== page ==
Two members of the UF College of Veterinary Medicine class of 2021 are being honored for their commitment to shelter medicine.
Lainie Velasquez and Katie Cox both earned the Maddie’s Professional Certificate in Shelter Medicine. Velasquez also earned the Veterinary Business Management Certificate, and Cox served as class president. Added to that list of achievements are the 2021 Maddie’s Award for Excellence in Shelter Medicine, awarded to Cox, and the Rosebud Award, given to Velasquez.
Both awards recognize students for their extraordinary commitment to improving the lives of sheltered and homeless animals through the study and advancement of shelter medicine and are accompanied by a $1,000 scholarship.
The Maddie’s Professional Certificate in Shelter Medicine is earned by completion of a series of elective courses covering everything from individual shelter animal healthcare, population medicine, facility design, disease outbreak control, disaster response, veterinary forensics, cruelty investigations, community cat management, management consultations, and cutting-edge lifesaving innovations to assure that every shelter animal gets the right care for the best outcome.
Students in the program, which is made possible by a grant from Maddie’s Fund, receive extraordinary opportunities for hands-on practice and skills development. For example, both students performed numerous spays, neuters, and more advanced surgeries – more than 150 each – far exceeding the practical surgical experience of most graduates across the country. A longstanding partnership with local trap-neuter-return program Operation Catnip and externships at shelters and spay/neuter clinics provide unique access to this specialized training for day-one practice readiness.
Both students came into veterinary school with a long history in animal sheltering. Velasquez attended Felix Varela Senior High School, where they have a pre-veterinary program and a shelter built as part of the school. Students work with homeless animals from the Miami-Dade shelter as well.
“Working in the shelter became my passion,” Velasquez said. “It embodies everything that I wanted out of being a veterinarian. You help the most helpless of animals who don’t really have anybody else to fight for them. So once I heard about UF’s Shelter Medicine Program, I knew it was perfect for me.”
“I wanted to do shelter medicine ever since I was in my early teens,” said Cox. “My family started fostering through our local humane society when I was nine, and we fostered all throughout high school and even a bit into college. I kept track of all the names of all the cats, and we had, I think about 365 cats we had fostered in that time.
Cox volunteered in shelters while in college, and knew she wanted to attend a veterinary school with a shelter medicine program. “UF had such a well-developed program,” she said. “I came here to interview and I just loved the school in general, and the faculty were so welcoming. I knew I wanted to do the shelter medicine certificate.”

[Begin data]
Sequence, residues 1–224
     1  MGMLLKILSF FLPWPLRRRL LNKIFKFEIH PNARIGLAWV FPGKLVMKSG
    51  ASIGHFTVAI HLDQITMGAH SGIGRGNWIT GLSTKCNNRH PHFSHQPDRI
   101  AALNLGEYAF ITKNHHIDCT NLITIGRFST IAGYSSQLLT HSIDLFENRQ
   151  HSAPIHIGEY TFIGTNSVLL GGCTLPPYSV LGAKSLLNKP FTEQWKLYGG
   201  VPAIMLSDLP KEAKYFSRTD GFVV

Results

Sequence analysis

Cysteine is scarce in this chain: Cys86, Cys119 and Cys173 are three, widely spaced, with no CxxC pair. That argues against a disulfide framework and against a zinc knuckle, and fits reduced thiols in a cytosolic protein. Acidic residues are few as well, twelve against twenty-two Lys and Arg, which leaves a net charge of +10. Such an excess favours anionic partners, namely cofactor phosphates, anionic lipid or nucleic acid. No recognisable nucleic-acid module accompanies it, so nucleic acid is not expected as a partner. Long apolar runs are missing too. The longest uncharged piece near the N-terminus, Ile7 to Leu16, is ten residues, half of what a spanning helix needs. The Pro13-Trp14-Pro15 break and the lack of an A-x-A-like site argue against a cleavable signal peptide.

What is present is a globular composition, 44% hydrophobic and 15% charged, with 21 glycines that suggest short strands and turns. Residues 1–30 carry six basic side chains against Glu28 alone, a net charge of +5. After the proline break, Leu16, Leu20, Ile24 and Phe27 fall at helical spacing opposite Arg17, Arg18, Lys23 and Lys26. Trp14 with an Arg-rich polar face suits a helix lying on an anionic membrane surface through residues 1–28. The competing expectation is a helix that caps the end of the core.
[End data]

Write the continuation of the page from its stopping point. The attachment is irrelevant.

Following their hearts paid off for both students. “The shelter medicine classes gave me the most confidence and practical knowledge of any of the classes I took at UF,” said Velasquez. “I got to do a lot of in-depth assignments that helped me understand the shelter industry better. I got to go out into the world and work with shelters in a lot of different clerkships and externships. I don’t think I’d be nearly as confident as I am today in my own medical skills if I wasn’t out there working in shelters and taking all of these programs that taught me how to be a veterinarian.”
Dr. Cynda Crawford, Director of the Maddie’s Shelter Medicine Program, has nothing but praise for the two award winners. “We have greatly enjoyed working with these amazing students, and have appreciated their unbounded enthusiasm in all of the shelter medicine courses and activities,” she said. “Their passion for shelter medicine will be an inspiration to the whole veterinary profession, and we’re proud to have been part of their education.”
So what does the future hold for the two new veterinarians?
“One of the reasons I chose the clinic I’ll be working in is that they work very closely with shelters,” said Velasquez. “They do a lot of the spay/neuter surgeries for their local shelter, and the owner of the clinic is on the board of directors for a shelter. So my training will definitely be put to use there! I’ll also work on my off time at a shelter, and pick up shifts there when I can.”
Cox is also going to into general practice, but her long-term plans will bring her back to her roots. “I chose to start in general practice because I realized that one of my favorite parts of medicine is talking to clients and building a relationship,” she said. “My goal eventually is to do feline-only medicine and partner with shelters and provide low-cost care spay neuter services. I really still feel very passionate about having shelter medicine as part of my life in the future, and when I was looking at practices, I specifically asked them if they work with rescues and shelters. The practice I’m going to does work with TNR groups and provides low cost services or covers the care for a lot of local rescue animals.”
“As animal sheltering continues to evolve, it’s critical that we have veterinarians in the community who understand the complexities and new challenges of the field,” said Dr. Julie Levy, Fran Marino Professor of Shelter Medicine Education at UF. “We have no doubt that wherever these new veterinarians find themselves in the future, the welfare of homeless animals and those who are at risk will be at the forefront of their minds.”